TYR Tactical

Discontinued Merit Badges : Master-at-Arms

This photo is said to be of Boy Scouts participating in the short-lived Master-at-Arms badge. It was one of the original 14 merit badges which debuted in the 1910 version of the Boy Scout Handbook and unfortunately, this one lasted just a year. The badge was missing from the 1911 version of the manual when it was released.

To earn the basge, a Scout had to master three of the following combat skills:
-single stick
-ju jitsu

Can you imagine such a merit badge today?


27 Responses to “Discontinued Merit Badges : Master-at-Arms”

  1. iceman says:

    This is the same era that produced the men with the fortitude necessary to persevere during WWI. Today you would get arrested if you sent your kids outside to practice quarterstaff in the back yard. Luckily kids have the chance to day in scouting to earn their video game merit badge.

  2. Bradkaf308 says:

    Cool I’d recommend it for my son’s troop. Quarter staff could be presented as bear defense and the others as cultural awareness. Where do you find Quarterstaff instructors?

    • Riceball says:

      You might be able to find quarterstaff instructors at a HEMA (Historical European Martial Arts) club somewhere, although they tend to focus primarily on swords.Failing that, there are traditional martial arts studios that teach weapons but I don’t know of any that focus solely on weapons though. Worse comes to worse, you could always look up staff manuals on your own and try to teach yourself by referencing these manuals, there also might be videos on YouTube that show staff techniques; these won’t be as good as learning from a live instructor since you wouldn’t have anyone correcting you if you’re doing something wrong but it’s better than nothing.

      • Bradkaf308 says:

        Thanks, apreciated.

      • defensor fortismo says:

        If you’re after traditional martial arts that focuses on weapons, I’d recommend finding a school that focuses on Filipino Martial arts. most of them don’t teach the staff per se, but they typically start you off with a short stick between 30 and 24 inches long. The neat thing about it is you start off bass ackwards from other styles, you learn the stick, then learn how to use the same technique with a blade and finally empty-handed.

  3. Girls like guys with skillz…like bowstaff skillz.

  4. Girls only want boyfriends who have great skills.

  5. Historia says:

    This should still be a merit badge

  6. Dellis says:

    Thanks SSD, very interesting to learn of this. You’re right, sadly, this would never get past “idea” phase in terms of bringing it before a committe to institute it as a merit badge.

    Hell, in our local schools kickball and dodgeball has been banned, as has physical ed as a whole really.

    • Bradkaf308 says:

      I was really surprise at a Cub camp we went to they set up a sling shot range. Everyone enjoyed it, no one got hurt, simple safe fun. Try to up it with Scouts and do pellet guns or Archery is so hard.

  7. Middian says:

    I couldn’t imagine the time needed to “master”:

    -single stick
    -ju jitsu

    This sounds like the training to be the most interesting man!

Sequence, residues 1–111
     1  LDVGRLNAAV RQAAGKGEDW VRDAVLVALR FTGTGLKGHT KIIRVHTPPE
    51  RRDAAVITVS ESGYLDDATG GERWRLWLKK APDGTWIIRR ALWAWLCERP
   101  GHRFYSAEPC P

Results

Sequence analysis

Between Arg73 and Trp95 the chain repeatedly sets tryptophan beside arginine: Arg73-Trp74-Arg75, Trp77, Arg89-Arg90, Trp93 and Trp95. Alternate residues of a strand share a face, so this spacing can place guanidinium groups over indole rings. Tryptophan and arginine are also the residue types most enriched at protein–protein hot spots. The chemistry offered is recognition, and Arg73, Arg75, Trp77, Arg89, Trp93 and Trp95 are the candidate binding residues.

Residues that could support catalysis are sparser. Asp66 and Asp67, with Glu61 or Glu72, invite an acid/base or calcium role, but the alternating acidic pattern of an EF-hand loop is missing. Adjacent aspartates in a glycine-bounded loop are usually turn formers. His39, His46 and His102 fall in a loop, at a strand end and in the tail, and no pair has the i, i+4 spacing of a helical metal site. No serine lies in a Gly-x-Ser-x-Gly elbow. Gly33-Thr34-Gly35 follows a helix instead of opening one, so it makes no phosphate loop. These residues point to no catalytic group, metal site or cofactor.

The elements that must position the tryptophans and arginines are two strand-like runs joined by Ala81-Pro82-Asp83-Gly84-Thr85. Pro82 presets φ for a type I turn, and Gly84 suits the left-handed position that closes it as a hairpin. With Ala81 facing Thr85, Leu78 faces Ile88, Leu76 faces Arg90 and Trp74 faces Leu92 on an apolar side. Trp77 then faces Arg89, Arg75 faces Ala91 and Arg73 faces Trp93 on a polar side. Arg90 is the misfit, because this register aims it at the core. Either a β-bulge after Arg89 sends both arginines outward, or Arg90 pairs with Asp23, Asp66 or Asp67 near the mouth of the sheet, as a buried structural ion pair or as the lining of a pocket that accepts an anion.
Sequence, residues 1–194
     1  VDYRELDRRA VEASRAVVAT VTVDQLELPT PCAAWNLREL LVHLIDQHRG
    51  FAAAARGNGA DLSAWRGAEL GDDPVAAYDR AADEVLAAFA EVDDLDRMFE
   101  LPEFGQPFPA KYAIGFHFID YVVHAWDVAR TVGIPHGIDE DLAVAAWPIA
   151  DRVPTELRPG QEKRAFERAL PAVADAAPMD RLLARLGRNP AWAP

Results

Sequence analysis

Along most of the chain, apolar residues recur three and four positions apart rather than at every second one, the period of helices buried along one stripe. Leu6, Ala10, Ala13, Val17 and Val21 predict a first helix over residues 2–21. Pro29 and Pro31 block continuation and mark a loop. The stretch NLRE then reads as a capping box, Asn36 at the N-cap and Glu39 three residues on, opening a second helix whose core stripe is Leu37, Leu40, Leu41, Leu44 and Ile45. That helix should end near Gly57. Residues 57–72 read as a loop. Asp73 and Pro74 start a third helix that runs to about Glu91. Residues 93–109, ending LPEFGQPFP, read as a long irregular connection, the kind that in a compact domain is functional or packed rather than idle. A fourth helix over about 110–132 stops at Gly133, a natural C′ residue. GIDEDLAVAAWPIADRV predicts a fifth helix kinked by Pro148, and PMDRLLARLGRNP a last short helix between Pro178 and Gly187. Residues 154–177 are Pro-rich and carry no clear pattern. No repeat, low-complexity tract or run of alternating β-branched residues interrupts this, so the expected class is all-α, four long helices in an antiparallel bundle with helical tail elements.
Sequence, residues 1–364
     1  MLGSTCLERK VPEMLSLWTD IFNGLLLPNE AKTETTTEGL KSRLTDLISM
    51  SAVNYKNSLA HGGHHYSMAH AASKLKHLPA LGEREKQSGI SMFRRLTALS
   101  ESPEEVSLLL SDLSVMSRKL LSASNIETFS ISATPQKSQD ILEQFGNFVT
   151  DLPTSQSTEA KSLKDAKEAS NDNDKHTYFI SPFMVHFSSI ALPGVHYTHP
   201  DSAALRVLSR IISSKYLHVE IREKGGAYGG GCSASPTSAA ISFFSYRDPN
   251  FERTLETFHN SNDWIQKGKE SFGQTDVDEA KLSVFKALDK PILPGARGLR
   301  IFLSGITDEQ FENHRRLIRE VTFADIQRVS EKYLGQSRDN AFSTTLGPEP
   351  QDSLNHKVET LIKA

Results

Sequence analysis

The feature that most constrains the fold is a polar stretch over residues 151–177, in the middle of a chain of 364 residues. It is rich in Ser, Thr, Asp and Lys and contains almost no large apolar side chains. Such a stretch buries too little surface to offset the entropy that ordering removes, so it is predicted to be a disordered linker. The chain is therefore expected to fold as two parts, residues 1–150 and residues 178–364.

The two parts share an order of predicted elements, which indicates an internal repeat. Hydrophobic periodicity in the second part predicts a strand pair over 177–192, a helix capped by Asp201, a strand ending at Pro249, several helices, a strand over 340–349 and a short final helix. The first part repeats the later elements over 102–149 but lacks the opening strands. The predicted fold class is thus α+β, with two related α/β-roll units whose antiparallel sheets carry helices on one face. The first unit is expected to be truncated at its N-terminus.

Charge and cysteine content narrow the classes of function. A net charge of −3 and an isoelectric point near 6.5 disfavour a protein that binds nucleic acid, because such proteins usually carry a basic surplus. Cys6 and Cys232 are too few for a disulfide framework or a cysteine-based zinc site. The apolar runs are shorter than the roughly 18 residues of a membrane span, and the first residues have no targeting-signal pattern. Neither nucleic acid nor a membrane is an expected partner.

8. Brian says:

    If only I was a scout in 1910. But I will say this, my scouting buds hit eachother with all sorts of sticks, rocks and bb guns anyways. So the Defence Badgee would have been a sinch. I’m still trying to forget about the hot dog tong incident…..?

  9. Disco says:

    Anytime something cool happens some fatass, liberal, or woman has to ruin it for everybody

  10. xpoqx says:

    If we taught our sons these skills as boy scouts, girls would hear “I am a man who can provide for and protect you” when they tell them that they are/were boy scouts. Because right now I think all a girl would hear if you told her you were a boy scout is “I’m a virgin.” Hahaha.

  11. james says:

    I would have gotten the video gaming merit badge on Pong!

    Eagle 1984
    Troop 32
    Watchung, NJ

  12. Brian says:

    It takes anywhere from 1000 to 10000 hours to really master a skill. Having practiced (but not mastered) several martial arts, including Jui jitsu, Bo staff & boxing, just Jui jitsu takes 7-10 years at 5-7 hours/week. I assume that they definition of master is a bit more lax in the scouts

    • SSD says:

      Perhaps put it into the perspective of 1910.

    • bloke_from_ohio says:

      The “master” in those requirements probably implies demonstrating a working mastery of some specific basic concepts and techniques of said set of skills. First Aid Merit badge does not make a boy into a surgeon or combat medic. But, he certainly should be able to slow/stop bleeding and do CPR until the real medics get there.

      At the end of a merit badge, a scout probably has the skill level of good amateur or maybe an weak journeyman in any given discipline. They also have far more exposure than they would had they not elected to do the work required by the badge. True experts they may not be, but they are more useful human beings for their efforts.

      I used to teach life saving merit badge (among others). My scouts could indeed safely perform a lot of different water rescues skills. In flat water, most of them could save a life if called upon by fate. They were not as good as the actual life guards who worked at the lake. Nor were their requirements as tough as those for the life guards. Then again, none of the life guards were are as good as PJ’s or Coast Guard Rescue Swimmer. It all comes down to different training for different purposes.

  13. DD says:

    It’s a pity. Nice merit badge to have. Good skills regardless for many reasons.